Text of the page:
Historic Preservation Commission meets to discuss planned demolition of historic church
OTTUMWA, Iowa (KYOU) - Wednesday night heard a dialogue on the demolition of a familiar building in the Ottumwa City Skyline: the former Wesley United Methodist church. Ottumwa’s Historic Preservation Committee held a public meeting to discuss recent plans to demolish the church.
In early August, the Ottumwa Community School District Board approved plans to remove the church and renovate the lot into expanding parking for Ottumwa High School students. Frase Company Rentals, the current owner of the property, will demolish the building and prepare the site, turning it into what the school district’s CFO calls a “clean slab”. John Berg notes Frase’s preparation will include “asbestos abatement cost, demolition, and then filling and grading the site suitable.”
Then, the district will buy the property for $528,000 and begin renovations. The property purchase money comes from PPEL funds, with the parking lot renovations paid for by the sales tax fund. Superintendent Mike McGrory says the parking lot is a need for the high school.
The measure passed through the school board with a 6-1 vote.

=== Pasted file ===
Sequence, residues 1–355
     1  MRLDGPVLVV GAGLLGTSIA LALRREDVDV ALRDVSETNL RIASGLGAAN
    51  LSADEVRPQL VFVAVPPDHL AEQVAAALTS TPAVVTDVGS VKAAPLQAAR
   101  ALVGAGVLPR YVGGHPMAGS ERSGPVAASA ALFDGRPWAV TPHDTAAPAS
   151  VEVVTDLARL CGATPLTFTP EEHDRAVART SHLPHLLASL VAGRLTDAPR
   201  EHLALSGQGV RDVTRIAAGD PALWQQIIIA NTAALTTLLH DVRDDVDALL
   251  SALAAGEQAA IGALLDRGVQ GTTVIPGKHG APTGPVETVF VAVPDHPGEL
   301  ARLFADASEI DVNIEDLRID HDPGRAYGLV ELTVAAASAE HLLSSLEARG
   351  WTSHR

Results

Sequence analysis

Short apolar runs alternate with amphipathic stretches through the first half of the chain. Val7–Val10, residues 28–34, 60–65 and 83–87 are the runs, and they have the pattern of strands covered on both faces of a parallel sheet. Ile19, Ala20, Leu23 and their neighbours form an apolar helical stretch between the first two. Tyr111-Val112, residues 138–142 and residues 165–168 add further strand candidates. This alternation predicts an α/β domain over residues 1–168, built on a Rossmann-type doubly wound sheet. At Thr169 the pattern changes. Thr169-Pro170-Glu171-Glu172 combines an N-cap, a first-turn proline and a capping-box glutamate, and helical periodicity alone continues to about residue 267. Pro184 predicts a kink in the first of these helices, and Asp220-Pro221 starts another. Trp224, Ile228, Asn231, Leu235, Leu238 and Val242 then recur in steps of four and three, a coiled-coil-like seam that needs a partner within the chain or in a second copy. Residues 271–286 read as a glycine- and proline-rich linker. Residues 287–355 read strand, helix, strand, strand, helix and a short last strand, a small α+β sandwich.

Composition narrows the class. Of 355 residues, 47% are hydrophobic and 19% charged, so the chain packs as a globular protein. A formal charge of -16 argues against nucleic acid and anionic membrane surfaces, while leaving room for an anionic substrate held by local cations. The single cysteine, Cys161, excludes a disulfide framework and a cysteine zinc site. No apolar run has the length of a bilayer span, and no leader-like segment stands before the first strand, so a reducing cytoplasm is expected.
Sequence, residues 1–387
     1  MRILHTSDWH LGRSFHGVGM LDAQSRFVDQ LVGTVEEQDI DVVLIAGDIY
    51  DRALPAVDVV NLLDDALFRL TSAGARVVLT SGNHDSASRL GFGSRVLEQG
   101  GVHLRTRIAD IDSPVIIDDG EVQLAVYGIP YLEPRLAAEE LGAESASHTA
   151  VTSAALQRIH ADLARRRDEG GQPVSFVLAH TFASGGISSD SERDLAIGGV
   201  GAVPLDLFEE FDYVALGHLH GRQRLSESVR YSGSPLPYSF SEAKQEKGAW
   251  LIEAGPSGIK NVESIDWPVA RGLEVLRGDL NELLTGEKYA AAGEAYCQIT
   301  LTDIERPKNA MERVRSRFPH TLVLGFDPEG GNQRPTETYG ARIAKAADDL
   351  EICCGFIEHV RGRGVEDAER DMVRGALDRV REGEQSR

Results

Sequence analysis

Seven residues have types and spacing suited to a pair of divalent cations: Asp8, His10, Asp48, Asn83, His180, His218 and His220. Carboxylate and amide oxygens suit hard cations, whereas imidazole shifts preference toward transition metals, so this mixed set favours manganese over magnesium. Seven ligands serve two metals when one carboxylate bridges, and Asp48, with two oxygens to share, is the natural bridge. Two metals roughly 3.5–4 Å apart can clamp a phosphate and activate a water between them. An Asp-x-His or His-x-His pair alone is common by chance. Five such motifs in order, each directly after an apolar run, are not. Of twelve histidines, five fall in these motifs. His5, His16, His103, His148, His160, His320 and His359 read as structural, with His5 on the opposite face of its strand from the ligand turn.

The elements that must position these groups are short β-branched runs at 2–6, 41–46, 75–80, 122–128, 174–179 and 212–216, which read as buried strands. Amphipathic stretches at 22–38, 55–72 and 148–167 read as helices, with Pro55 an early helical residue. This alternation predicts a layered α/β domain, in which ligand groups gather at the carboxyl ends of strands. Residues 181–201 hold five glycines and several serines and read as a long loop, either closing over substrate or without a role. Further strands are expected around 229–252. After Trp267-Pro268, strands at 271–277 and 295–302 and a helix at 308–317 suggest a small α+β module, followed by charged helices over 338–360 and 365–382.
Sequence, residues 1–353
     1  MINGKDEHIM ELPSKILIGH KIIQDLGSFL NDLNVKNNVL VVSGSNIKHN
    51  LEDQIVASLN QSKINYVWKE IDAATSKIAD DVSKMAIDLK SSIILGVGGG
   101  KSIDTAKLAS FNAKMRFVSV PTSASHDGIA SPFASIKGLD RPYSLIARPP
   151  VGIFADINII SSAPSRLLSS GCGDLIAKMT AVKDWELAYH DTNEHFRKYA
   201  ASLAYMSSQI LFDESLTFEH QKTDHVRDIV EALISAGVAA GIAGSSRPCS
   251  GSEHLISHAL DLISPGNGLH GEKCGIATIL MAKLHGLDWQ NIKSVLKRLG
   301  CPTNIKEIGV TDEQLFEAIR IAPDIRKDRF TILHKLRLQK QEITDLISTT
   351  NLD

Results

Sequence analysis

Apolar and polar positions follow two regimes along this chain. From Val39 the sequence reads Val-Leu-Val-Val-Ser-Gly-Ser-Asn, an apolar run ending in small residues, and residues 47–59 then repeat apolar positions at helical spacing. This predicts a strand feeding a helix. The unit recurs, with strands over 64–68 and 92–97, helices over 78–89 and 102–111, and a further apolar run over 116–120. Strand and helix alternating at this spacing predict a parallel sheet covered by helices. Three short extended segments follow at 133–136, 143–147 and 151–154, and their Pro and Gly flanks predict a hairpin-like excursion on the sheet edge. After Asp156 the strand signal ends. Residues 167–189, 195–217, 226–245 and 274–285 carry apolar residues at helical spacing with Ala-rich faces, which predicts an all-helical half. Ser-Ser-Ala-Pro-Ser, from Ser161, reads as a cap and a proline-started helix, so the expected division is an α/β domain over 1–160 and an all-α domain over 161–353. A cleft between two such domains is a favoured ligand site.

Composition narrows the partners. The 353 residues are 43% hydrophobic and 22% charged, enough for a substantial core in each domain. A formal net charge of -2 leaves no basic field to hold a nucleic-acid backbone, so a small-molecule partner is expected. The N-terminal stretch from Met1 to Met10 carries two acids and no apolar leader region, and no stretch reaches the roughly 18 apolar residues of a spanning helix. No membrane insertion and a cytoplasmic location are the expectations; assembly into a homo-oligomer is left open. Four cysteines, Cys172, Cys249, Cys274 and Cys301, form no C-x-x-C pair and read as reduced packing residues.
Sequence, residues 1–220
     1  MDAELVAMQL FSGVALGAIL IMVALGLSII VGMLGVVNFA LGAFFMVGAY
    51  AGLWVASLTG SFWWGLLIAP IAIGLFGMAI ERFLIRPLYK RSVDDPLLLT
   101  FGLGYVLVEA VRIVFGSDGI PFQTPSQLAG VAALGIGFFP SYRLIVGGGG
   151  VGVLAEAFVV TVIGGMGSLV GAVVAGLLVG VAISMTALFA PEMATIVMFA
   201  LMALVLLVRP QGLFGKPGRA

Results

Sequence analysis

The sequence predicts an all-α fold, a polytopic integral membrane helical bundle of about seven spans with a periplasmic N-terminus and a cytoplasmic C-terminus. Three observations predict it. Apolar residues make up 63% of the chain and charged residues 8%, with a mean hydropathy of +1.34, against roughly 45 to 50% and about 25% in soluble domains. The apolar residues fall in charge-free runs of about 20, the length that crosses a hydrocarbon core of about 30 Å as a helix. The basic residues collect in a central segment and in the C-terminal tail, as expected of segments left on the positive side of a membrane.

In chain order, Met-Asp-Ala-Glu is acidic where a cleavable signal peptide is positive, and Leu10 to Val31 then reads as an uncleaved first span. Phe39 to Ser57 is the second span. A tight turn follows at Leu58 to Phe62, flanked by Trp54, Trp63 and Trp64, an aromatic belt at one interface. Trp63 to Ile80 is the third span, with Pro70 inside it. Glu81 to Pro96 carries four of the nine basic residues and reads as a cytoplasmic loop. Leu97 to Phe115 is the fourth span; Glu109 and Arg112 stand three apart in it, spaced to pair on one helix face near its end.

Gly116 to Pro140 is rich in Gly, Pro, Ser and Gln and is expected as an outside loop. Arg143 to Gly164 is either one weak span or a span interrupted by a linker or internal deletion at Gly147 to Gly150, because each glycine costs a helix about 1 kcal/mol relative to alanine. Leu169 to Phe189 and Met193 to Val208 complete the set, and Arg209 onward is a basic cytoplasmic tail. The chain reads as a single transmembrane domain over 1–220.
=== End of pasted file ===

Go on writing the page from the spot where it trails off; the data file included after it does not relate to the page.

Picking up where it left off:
Those plans brought Superintendent Mike McGrory in front of the Historic Preservation Commission. While the demolition is already planned to happen, some commission members expressed their regret in seeing a historic building come down. Chair Dennis Willhoit noted he would likely never “agree with this decision - ever - to raze the building.” He described the church as a “historic property, locally significant, [that] sits in a very prominent spot.” Member Cara Galloway asked property owner Jeremy Frase if he ever had plans to restore the church, “or did you buy it just to knock it over?”
However, Superintendent McGrory observed the building had been in decline for quite a while before the district eyed it for a parking lot. “It was for the most part, non-functioning, and it was...our concern that it was a building that would be come very dilapidated.”
The church was never nominated as an official historic property, like many historic buildings across Ottumwa. In that case, there’s nothing stopping the private owner - in this case Jeremy Frase - from renovating a historic building, or in this case, destroying it.
The commission chair Dennis Willhoit lamented the loss of historical buildings around Ottumwa, such as the building that once stood where the 2nd street parking garage stands now. He described historic sites as places that have unique stories for each member of the community. “We’ve lost a lot of those stories in Ottumwa. And that’s very unfortunate.”
“If this was deemed a historical property, then I think this would be a different situation,” Superintendent McGrory replied.
Frase says demolition of the church is planned to be finished by Christmas, with the parking lot to be ready by the beginning of the 2022 school year.
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